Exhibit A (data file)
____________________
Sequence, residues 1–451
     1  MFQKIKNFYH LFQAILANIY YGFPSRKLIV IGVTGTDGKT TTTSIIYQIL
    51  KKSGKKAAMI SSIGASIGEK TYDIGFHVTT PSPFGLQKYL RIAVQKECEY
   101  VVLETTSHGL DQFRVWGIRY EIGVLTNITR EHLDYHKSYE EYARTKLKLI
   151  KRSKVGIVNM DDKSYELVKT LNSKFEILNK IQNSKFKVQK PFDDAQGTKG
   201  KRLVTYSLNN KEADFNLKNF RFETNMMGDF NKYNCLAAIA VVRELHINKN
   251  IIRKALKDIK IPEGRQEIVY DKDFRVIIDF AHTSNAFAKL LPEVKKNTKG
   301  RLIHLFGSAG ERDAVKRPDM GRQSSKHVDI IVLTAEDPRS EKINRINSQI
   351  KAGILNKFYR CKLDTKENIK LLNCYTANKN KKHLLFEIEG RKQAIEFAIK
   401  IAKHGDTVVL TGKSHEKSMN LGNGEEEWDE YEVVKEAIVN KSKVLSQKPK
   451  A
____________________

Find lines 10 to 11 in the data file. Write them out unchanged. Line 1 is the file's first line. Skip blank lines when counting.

   401  IAKHGDTVVL TGKSHEKSMN LGNGEEEWDE YEVVKEAIVN KSKVLSQKPK
   451  A